Question: What do a gallon of paint, a housecat, a bald eagle, and a human head have in common?
Answer: They all weigh about 10 to 12 pounds.
Put that 10 to 12-pound head on top of a neck and tilt it forward by just 15 degrees, and the weight borne by the average adult’s neck increases to 27 pounds (more than 3 gallons of milk). At 30 degrees it’s the equivalent of 40 pounds (a 5-gallon bottle of water) … and an angle of 60 degrees puts 60 pounds of strain on that poor neck (4 or 5 bowling balls or 1/5 of a reindeer!).1
It’s no wonder our neck and shoulders are sore after spending the workday hunched over or looking down at a microscope, the computer screen, or at the beautiful ribbons we’re cutting on the microtome.
Add that bent posture to the repetitive movements of a thousand or so cranks of the microtome wheel. Now add the repetitive use of forceps to hold and manipulate tissue for embedding, grossing, and microtomy, and all the other micro-tasks performed daily in the lab, and we could end up with aches and pains all over the place.
The good news is making a few adjustments to our work stations, tools, techniques, and posture will help avoid unnecessary strain, pain, and injury.
Sore bodies aren’t an inevitable side effect of working in a lab. With the equipment available on the market or with some minor modifications using things we have on hand, we can take measures to avoid long-term or lasting pain or injuries. Here are some recommendations (thanks to working-well.org for some great articles and safety tips):
General Bench and Desk Work
• Workstations should be set up to fit the height of the user either by use of an adjustable-height workbench, chair, and equipment, or by using a touch of creativity. The height should allow for the spine to be kept in a neutral position… not leaning forward. And feet should be either flat on the floor or supported by a footrest.
• Stretch periodically. Move around or exercise the back, neck, shoulders, arms, wrists, and hands.
• Take a short break every 20 to 30 minutes and vary activities throughout the workday.
• Place anti-fatigue mats in front of standing workstations. PathSUPPLY carries anti-fatigue mats in a variety of sizes and colors to fit any lab.2, 4
• Pull the microscope to the edge of the workbench. Ideally, position the chair so that the eyepiece comes to the eyes rather than the user’s head moving forward to the eyepiece.
• The Center for Disease Control recommends no more than 5 hours per day of microscope use.3, 4
• The keyboard and mouse should be positioned so that the user’s arms are parallel to the floor.
• The monitor should be between 18 and 30 inches away with the top of the screen at eye level.4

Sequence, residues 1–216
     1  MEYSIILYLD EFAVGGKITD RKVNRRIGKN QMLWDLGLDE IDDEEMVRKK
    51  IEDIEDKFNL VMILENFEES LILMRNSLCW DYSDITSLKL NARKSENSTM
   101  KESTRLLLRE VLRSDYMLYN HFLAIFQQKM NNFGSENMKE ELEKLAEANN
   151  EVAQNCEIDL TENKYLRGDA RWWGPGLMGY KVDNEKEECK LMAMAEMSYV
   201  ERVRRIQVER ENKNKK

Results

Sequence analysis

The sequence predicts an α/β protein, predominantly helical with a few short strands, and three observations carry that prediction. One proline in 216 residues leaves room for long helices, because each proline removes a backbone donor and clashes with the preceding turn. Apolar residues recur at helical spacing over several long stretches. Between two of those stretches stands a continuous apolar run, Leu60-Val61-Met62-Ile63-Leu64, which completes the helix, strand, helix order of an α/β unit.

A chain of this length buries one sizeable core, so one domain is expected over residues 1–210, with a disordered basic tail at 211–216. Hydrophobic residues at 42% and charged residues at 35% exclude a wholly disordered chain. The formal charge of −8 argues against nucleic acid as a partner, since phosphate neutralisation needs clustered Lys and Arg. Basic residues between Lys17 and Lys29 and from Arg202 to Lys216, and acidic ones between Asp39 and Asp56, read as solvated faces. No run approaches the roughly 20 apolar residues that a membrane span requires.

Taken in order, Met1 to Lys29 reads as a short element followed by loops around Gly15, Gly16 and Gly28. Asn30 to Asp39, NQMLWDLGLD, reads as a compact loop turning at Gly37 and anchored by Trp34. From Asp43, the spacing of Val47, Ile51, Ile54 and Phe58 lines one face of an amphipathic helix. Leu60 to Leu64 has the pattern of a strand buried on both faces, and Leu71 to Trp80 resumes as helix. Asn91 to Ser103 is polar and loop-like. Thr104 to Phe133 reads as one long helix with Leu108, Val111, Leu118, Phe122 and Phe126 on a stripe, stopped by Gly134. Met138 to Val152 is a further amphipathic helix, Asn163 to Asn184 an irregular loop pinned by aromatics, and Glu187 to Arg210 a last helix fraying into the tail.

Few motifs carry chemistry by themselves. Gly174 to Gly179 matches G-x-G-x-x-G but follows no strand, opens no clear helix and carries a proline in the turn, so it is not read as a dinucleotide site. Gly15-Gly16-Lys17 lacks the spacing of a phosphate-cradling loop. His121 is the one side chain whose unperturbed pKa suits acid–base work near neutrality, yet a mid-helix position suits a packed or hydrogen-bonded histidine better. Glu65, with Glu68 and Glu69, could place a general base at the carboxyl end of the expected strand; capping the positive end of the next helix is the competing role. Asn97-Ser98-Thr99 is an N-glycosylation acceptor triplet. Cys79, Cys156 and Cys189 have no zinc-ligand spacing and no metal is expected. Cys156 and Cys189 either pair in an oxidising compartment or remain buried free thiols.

Manual Rotary Microtome
• Position the microtome as close to the user as possible to minimize leaning and reaching.
• Adjust the height of the microtome so that the user’s wrist can be kept straight when turning the handwheel.
• Use the whole arm to turn the hand wheel, keeping the arm close to the body rather than out to the side.5
Fine Motor Actions
• Using forceps – use ergonomic or reverse-action forceps (alternatively, wrap a piece of foam tubing around forceps to distribute the force across a larger surface area).5
At PathSUPPLY, we’re proud to offer ergonomic forceps with a paddle designed to reduce hand strain by allowing the use of multiple fingers. Less tension is needed to operate them, and the force is spread out over multiple muscle groups. Holes or perforations in the paddles help keep them lightweight. Check out our selection of forceps.
• Capping and uncapping vials or bottles – use vials with fewer threads to minimize twisting. 5
• Pipetting – use a pipette that’s lightweight and fits the user’s hand. Keep the wrist straight (no twisting or rotating). Use as little pressure as possible and keep a relaxed grip.3
Always follow proper lifting techniques. Here are a few pointers:
• Keep the back straight, bending at hips and knees.
• Don’t twist the torso while lifting.
• Hold heavy objects close to the body’s center of gravity.
• Heavy objects or containers should be shelved at shoulder-height or lower.
• Keep a stepstool or ladder nearby to avoid lifting heavy items above head or shoulder-height.
• Use a team approach for lifting heavy or oversized objects.
• Transport heavy objects on a cart and push rather than pull the cart.6
Making a few tweaks to your workplace and/or habits can make a world of difference when it comes to preventing repetitive use or strain injuries in the lab. In the long run, the benefits far outweigh the costs involved with making ergonomic improvements.
At PathSUPPLY, we’re helping those who help patients. Check out our products at PathSUPPLY.com or give us a call at 1-800-631-3556 to find out how we can help you.